splash screen

welcome


This is the complete code of the SplashScreen program.

import java.awt.Container;
import java.awt.Font;
import javax.swing.ImageIcon;
import javax.swing.JFrame;
import javax.swing.JLabel;

class SimpleSplashScreen extends JFrame{
int delay=2000; //default delay time 2 seconds
SimpleSplashScreen(String imgfile){
ImageIcon iicon=new ImageIcon(imgfile);
int iwidth=iicon.getIconWidth();
int iheight=iicon.getIconHeight();
setSize(iwidth,iheight);
setLocationRelativeTo(null);
setUndecorated(true);
Container cont=getContentPane();
JLabel lbl=new JLabel();
lbl.setIcon(iicon);
cont.add(lbl);
}
//set time delay
public void wait(int mills){
delay=mills;
}

public void showScreen(){
setVisible(true); //show the screen
try {
Thread.sleep(delay); //delay the screen
} catch (InterruptedException e) {
// TODO Auto-generated catch block
e.printStackTrace();
}
//close the SplashScreen when time out
dispose();
new MaiInterface();
}
}

class MaiInterface extends JFrame{
MaiInterface(){
setSize(400,300);
setTitle("Your main interface here");
setDefaultCloseOperation(JFrame.EXIT_ON_CLOSE);
Container cont=getContentPane();
JLabel lbl=new JLabel("Welcome");
lbl.setHorizontalAlignment(JLabel.CENTER);
lbl.setFont(new Font("Arial", Font.BOLD,30));
cont.add(lbl);
setVisible(true);
}
}
public class SplashSr {
public static void main(String[] args){
SimpleSplashScreen sss=new SimpleSplashScreen("d:/splashscreen.png");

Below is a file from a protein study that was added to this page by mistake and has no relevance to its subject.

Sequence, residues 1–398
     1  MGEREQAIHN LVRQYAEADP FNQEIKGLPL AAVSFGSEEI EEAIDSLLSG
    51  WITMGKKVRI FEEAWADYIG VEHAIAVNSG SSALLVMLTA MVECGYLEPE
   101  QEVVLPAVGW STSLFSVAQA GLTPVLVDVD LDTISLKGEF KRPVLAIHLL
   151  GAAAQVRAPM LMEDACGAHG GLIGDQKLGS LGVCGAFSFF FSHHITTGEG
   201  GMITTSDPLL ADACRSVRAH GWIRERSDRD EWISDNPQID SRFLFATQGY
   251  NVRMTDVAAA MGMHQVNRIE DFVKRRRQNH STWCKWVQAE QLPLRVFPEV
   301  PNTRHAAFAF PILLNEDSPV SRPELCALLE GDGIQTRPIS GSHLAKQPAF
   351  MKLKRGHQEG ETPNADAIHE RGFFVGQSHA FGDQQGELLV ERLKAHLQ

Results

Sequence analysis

sss.wait(5000);
sss.showScreen();
}
}

Saturday, November 16, 2013

Open browser with Desktop class

Desktop is a useful class in Java. It can be used to open the default browser for a specified url, open a default mail client with optional e-mail address, open a file for editing or viewing, and send a file to the default printer.
To do such operatons mentioned above, first you need to create an object of the Desktop class by using the getDesktop method.

Desktop dt=Desktop.getDesktop();

To launch the default browser on your computer with a specified url, you will use the browse method. The browse method has one argument that is a uri object referencing to the url. To obtain the uri object, you have to create a url object that accepts the address of a web page. Then use the toURI method to convert the url object to uri object. The example code below will open the default browser and shows the http://javatheprogram.blogspot.com address on its address box.


open browser


import java.awt.Desktop;
import java.io.File;
import java.io.IOException;
import java.net.URI;
import java.net.URL;

public class DesktopDemo {

public static void main(String args[]){
//openMail();
try {

URL url=new URL("http://javatheprogram.blogspot.com");
openBrowser(url.toURI());

} catch (Exception e) {